Helping Bring Back Red Wolves

By |2018-02-22T23:04:31-04:00August 6th, 2010|Categories: Good For Forests|

Allison Welde is SFI Director, Conservation Partnerships and Communications, and identifies areas of potential collaboration with conservation groups and other SFI stakeholders.

If anyone ever asks you why the SFI Standard has objectives to conserve working forests, tell them to take a take a look at these pups on the cover of the third quarter report of the U.S. Fish and Wildlife Service (USFWS) Red Wolf Recovery Program. The red wolf is one of the most endangered canids in the world, and the territory of one of the reintroduced packs includes working forest land owned by Weyerhaeuser.

Red wolves (Canis rufus) were once common across the eastern and south-central United States but fell victim to predator control programs and loss of habitat. To protect the species from extinction, the U.S. Fish and Wildlife Service captured as many as possible in the 1970s so they could breed them in captivity and reintroduce them. The Service found 17 pure red wolves, and 14 of them became founding members of the captive-breeding program, which means they are ancestors of all red wolves existing today.

When the wolves were released in 1993, some were located in the Pocosin Lakes National Wildlife Refuge in northeastern North Carolina, near Weyerhaeuser lands. One of the packs included the company’s lands as part of their territory, and Weyerhaeuser allowed USFWS access to the land to keep track of the wolves.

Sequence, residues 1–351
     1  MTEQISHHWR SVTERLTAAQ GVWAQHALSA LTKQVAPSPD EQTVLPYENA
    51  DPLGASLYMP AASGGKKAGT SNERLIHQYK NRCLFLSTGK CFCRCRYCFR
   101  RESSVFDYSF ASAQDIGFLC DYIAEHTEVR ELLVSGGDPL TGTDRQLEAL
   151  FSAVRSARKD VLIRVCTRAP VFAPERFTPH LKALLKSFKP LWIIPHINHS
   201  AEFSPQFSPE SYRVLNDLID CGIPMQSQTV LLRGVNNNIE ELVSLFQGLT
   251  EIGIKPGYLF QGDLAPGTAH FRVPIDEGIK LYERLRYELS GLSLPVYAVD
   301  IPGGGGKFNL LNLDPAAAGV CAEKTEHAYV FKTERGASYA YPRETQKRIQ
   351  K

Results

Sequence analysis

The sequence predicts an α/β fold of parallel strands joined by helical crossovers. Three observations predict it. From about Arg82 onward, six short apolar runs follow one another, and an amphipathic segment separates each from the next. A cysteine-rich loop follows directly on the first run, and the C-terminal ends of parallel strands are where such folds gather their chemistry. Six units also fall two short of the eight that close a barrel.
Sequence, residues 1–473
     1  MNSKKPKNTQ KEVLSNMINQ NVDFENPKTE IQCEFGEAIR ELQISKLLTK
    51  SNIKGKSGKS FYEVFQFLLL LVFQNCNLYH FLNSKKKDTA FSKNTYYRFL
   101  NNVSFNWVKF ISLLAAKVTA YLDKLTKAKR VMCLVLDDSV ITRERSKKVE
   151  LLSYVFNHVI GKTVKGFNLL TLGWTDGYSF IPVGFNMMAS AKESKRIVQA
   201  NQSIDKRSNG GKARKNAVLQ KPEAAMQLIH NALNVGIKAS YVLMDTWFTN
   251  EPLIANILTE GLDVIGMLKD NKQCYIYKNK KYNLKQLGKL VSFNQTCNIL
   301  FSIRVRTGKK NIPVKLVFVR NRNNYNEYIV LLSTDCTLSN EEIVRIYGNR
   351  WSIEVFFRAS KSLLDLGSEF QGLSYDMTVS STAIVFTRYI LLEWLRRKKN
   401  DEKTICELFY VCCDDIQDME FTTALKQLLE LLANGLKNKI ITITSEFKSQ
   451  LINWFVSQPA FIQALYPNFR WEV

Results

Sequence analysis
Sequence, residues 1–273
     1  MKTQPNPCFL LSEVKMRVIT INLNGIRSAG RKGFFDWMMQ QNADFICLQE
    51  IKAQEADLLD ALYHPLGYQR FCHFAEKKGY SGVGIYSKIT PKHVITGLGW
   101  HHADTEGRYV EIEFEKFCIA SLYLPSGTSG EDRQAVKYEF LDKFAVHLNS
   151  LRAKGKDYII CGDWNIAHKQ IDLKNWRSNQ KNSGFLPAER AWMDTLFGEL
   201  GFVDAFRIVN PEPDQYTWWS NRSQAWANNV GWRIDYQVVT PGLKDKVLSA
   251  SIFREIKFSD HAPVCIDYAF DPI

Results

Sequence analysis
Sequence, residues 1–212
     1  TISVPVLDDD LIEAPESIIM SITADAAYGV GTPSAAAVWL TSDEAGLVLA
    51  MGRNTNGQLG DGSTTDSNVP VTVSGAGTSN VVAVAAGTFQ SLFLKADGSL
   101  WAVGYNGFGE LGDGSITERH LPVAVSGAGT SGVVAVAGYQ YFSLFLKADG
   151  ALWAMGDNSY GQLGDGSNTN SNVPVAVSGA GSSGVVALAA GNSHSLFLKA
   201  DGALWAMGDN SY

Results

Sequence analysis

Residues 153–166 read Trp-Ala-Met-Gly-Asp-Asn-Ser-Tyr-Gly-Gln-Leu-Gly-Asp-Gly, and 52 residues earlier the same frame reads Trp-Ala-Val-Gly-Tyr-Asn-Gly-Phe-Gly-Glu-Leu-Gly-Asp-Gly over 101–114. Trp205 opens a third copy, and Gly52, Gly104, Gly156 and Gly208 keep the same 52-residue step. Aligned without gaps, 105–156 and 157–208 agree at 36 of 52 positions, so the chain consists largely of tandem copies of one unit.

The Weyerhaeuser pack consists of a radio-collared breeding pair, and in April 2010 they had five pups in a den located on Weyerhaeuser land. They are among 74 known red wolves, including 13 breeding pairs, in the recovery area – about 1.7 million acres in northeastern North Carolina. This year, the Red Wolf Recovery Program documented nine litters, totaling 42 pups.

The red wolf is the first predator to be restored to the wild after being extirpated in the wild. Restoring them brings back diversity, balance and stability to the natural ecosystem. If you’re interested in the Red Wolf Recovery Program, you’ll want to check out a new weblog that combines text, images, videos and links.

The SFI program recognizes exemplary conservation projects through our conservation awards or supports them directly through our SFI Conservation and Community Partnerships Grants. But there are plenty of examples of stewardship and partnerships that fly under the radar – like red wolf recovery on working forest lands.

Pups Picture 031

Photo: Ryan Nordsven, USFWS.


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